Here are some of the thought-provoking reads found this week:
Bible Contradictions? A Response to Bart Ehrman, HT to Challies. “So, I did read the text. And, what I found is that Bart Ehrman puts forward some difficult passages for believers. But what I also found is that a moment or two of thinking erased many of the contradictions.”
Three Prayer Requests for a Heart on Life Support (about prodigals, not end-of-life decisions). “In the letter to the church of Sardis (Rev. 3:1–6), Christ addressed a church that had a ‘reputation for being alive,’ but was full of ‘dead’ people, or as we might term them, prodigals. Christ then gives the church a series of commands, which will make helpful prayers as we intercede for the prodigals in our own lives.”
Instant Coffee, Instant Faith. “It is not the massive floods that cause a tree to grow; it’s the steady stream of water day after day, month after month, year after year. The Christian life does not consist only of great breakthroughs; it consists mainly in mundane, steady obedience. Like David prayed, it is the pursuit of ‘one thing . . . to gaze upon the beauty of the LORD and to inquire in his temple’” (Psalm 27:4).”
Bible Study Is Hard Work (And That Is OK). HT to Challies. “So, are you struggling in your reading of God’s Word? That’s OK. You’re supposed to. The Bible is deep, rich, and ancient.” But there’s reward on the other side of it.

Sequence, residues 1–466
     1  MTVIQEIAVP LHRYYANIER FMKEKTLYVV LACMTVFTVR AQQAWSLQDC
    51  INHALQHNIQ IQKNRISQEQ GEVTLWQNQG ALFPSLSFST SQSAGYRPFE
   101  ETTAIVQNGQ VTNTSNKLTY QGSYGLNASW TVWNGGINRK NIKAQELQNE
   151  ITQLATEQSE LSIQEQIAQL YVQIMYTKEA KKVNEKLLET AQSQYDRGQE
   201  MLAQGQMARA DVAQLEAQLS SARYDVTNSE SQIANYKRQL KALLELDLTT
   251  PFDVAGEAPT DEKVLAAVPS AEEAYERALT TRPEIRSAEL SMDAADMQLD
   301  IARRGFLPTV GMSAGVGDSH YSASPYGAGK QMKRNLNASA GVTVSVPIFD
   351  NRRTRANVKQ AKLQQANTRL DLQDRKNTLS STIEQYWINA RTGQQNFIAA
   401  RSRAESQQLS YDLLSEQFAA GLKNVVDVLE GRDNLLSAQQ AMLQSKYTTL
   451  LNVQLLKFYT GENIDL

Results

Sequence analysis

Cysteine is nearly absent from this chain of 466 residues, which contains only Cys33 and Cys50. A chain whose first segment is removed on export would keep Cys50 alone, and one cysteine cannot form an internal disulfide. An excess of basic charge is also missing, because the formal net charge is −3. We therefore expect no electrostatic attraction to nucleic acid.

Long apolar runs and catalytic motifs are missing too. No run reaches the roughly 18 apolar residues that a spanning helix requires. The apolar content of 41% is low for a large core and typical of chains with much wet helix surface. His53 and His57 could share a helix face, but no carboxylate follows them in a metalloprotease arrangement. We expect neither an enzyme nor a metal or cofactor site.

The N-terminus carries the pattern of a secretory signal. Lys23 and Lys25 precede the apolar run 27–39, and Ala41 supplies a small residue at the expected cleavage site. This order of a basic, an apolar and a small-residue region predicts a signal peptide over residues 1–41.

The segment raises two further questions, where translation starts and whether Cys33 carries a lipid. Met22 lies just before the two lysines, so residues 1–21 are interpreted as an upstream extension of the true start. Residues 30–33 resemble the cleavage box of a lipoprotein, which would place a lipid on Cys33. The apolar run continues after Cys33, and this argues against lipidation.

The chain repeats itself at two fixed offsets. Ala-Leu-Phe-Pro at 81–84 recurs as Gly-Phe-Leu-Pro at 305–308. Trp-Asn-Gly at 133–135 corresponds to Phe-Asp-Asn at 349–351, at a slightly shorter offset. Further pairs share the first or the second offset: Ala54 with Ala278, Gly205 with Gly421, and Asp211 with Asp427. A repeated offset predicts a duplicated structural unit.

About Those Sparrows, HT to Challies. “Five sparrows. Two pennies. Bought, crushed, ground into stew, discarded, their life snuffed out just like that. Not forgotten by God. If God ‘remembered the sparrow’…if his eye was on the sparrow wouldn’t they not be bought and sold like this?” I confess, I have wondered this. I like this perspective.
Fear of Being Labeled a “White Savior,” HT to Challies. “Whereas I cannot speak to the motives of every white person working in a third world environment, I can with confidence say that this mentality is not compatible with Christian missions. I propose that the Christian missionary is not a ‘white savior’ for the following reasons.”
Writing on The Dawn Treader. “Show, don’t tell” has been the primary instruction for writers of fiction and narrative nonfiction for years. This article explores how C. S. Lewis gave us a clear idea of the kind of boy Eustace Scrub was without a single adjective.
A Grandma Scams a Scammer. Loved this story.
I was looking for a “prayer for the middle-aged” that Elisabeth Elliot recently quoted on her radio program when I discovered this. It’s not the one I was looking for, but this lady’s delivery is so funny.